Fish and Marillion aren’t exactly my bread and butter when it comes to my musical tastes but with Fish’s intentions to retire in a couple of years, I wanted to be able to say I saw him at least once. Being the 30th anniversary of Marillion’s Misplaced Childhood album, the Farewell to Childhood tour seemed as good a time as any. This, the last date of his latest UK tour, would be the last time Misplaced Childhood would be played in its entirety by Fish in Glasgow.
Sold out months in advance, I was shown no matter what you know; circumstances can change everything which came before. By the time I was in the ABC (one of my most visited venues); I had never seen the place so busy before the support act had taken to the stage. Introduced by Fish himself and preceded by technical difficulties which were met with good humour, Lazuli kicked off the night. Subsequently, I was taken by surprise for a second time. In all my time of enduring many support bands of various sub-genres in the rock spectrum and all varying degrees of good and bad, I have never seen a support act given such a warm welcome.
Complementing the main act, Lazuli captured the crowd’s attention effortlessly and hopefully picking up some new fans on the way, myself included. With two guitars, soft drums, marimba and a leode (have a field day looking for information and pictures for that); the music broke away from my usual sensibilities to present me with something fresh. It’s a good sign in a support act when you want more and you’re not clock-watching, trying to figure out how long they have left.
Following the band, Fish walks onto the stage, welcomed by a rapturous applause, again, like nothing I’ve seen previously. A couple of songs in and not only does Fish prove he’s a great singer in a live environment, he’s an effortless storyteller. As he introduced “Family Business”, he recalled a recent anecdote from a trip to a London A&E (nothing life-threatening, don’t worry), punctuated with various humorous commentary. Then, “The Perception of Johnny Punter” elevated the entire night, something every single person in the room could relate to. Fish discussed the recent events in Paris, on the same stage I had seen Eagles of Death Metal two nights previously, having the time of their life. He insisted that we cannot give into fear but any attempts to quote him here would pale in comparison to the real thing.
I always think it’s amazing to put Fish’s vocals with his appearance. You expect something deep, almost unsettling. Instead, it’s something far softer and it’s aged better than vocalists younger than him; close your eyes and you’d think you were listening to the albums. Hitting high notes with ease, you’d never know his recent hospital visit was affecting his vocals.
Four songs in and the rest of the night was given over to Misplaced Childhood. And after “Kayleigh”, I had to call it a night due to Sunday transport links being awful. However, reactions after the show on Facebook and what I witnessed for myself, I’m sure it was nothing less than stellar and I’m rather disheartened I couldn’t stay on to see the second half, if not another couple of songs. So with this, I’ll pass you over to Gary who managed to catch the full spectacle.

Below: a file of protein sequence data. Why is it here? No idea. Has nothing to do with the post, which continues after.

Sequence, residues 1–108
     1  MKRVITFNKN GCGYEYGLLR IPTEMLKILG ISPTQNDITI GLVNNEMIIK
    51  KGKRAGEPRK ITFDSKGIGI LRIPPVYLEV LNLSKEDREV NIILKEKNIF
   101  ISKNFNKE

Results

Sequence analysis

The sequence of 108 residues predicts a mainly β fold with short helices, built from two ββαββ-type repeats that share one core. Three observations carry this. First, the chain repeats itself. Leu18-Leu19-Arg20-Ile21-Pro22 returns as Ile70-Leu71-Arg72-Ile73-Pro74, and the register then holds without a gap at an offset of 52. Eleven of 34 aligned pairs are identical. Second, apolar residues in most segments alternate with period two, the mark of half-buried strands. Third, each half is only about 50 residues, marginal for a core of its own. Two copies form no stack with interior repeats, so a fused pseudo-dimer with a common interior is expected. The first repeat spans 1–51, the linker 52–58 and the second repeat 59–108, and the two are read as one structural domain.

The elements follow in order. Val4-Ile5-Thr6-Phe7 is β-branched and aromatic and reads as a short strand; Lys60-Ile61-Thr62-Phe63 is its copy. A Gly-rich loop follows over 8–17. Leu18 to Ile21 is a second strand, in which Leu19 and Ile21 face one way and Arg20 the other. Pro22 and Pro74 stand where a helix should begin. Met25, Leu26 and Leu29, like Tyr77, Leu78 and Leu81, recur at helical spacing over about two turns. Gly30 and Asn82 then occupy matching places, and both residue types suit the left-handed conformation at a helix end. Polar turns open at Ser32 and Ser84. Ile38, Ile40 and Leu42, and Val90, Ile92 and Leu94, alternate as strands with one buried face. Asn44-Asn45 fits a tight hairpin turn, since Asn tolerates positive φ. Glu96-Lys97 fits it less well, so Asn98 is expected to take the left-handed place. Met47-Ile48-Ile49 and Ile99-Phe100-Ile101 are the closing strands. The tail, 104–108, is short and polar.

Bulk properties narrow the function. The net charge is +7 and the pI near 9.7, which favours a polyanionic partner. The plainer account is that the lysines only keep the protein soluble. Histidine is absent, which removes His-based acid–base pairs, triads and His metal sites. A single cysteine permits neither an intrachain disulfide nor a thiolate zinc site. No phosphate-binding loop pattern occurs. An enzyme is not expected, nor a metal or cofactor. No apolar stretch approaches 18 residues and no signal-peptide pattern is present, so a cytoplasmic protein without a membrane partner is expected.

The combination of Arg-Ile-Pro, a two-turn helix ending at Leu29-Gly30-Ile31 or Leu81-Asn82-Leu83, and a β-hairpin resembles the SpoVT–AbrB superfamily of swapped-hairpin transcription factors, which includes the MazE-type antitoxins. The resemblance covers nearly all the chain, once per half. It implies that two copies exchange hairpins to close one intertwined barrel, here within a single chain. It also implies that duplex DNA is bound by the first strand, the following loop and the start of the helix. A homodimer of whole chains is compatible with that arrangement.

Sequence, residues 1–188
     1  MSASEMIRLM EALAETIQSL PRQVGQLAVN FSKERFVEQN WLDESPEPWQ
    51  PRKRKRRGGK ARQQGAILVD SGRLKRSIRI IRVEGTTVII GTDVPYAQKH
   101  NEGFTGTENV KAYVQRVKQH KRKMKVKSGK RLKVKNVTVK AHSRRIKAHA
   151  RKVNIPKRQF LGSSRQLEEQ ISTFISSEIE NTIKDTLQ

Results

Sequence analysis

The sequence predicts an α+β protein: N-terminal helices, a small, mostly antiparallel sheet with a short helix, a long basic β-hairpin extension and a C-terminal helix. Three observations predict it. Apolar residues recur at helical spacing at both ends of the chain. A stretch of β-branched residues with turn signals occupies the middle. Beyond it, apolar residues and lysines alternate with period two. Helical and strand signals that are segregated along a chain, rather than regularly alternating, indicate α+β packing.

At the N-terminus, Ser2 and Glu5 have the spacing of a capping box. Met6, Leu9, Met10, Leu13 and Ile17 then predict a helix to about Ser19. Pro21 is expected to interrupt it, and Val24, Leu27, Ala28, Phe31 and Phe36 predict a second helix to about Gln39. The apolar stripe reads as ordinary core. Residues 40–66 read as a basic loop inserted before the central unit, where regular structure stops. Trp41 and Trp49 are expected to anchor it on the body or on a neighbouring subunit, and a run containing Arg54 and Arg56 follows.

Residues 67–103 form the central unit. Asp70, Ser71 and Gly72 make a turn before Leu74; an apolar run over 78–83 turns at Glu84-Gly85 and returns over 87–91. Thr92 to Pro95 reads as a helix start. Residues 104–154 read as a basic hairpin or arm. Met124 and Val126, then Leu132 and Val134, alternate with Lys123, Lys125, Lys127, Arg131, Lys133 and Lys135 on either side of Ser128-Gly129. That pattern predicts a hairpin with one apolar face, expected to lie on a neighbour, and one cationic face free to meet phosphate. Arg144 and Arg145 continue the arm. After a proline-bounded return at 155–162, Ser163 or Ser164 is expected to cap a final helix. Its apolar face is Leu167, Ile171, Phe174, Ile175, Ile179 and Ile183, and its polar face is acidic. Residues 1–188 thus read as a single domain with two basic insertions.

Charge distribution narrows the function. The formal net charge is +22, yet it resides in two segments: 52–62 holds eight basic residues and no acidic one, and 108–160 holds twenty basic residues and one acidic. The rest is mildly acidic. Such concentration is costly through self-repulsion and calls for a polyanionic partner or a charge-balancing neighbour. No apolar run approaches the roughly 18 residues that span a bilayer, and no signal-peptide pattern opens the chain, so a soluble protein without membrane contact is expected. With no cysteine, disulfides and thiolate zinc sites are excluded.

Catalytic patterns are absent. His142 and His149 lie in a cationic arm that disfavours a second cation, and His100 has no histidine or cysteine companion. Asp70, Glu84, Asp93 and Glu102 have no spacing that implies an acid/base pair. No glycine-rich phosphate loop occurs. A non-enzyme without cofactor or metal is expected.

As we hear the piano kick in for the start of Lavender we have to mention the amazing job stand in keyboard player Tony Turrell has done in potentially saving the tour after John Beck fell and broke his arm. I feel like I have been transported back in time to when I caught Marillion on the Misplaced Childhood tour at the Edinburgh Playhouse, close my eyes and I could easily be back in the stalls.
There is something so emotionally stirring about Fish-era Marillion which I have never felt from any other band’s music from the first time at the Edinburgh Playhouse in 1983 to the last Fish-era Marillion gig in 1988 in Fife, which explains the sold out venues and fans from all the world here tonight. The Misplaced album played in full from start to finish was a joy to hear again live and you can tell watching the big man how much it means to him as well, not to mention all assembled at the ABC.
It is all over too soon and with sad regret that we reach the end of an era with “White Feather” to conclude Misplaced Childhood with the crowd holding feathers held high and the as-ever enthusiastic sing-a-long to end an amazing musical night. The band and Fish have played their collective hearts out tonight and the crowd have been with them all the way.
The band don’t stay off too long and start back with the fantastic “Market Square Heroes” which in 1982 was the song that turned me onto Marillion, a song which has everybody singing along tonight as you would expect. It has to be said back in the day the Playhouse was bouncing to this but we are all a touch greyer and older so singing along is just as good to avoid any injuries. We end the night with “The Company” from the Vigil in a Wilderness of Mirrors album, a truly great way to end the evening. We all head out into the night with smiles and those like myself who were there in ’85 fond memories of an end of a era.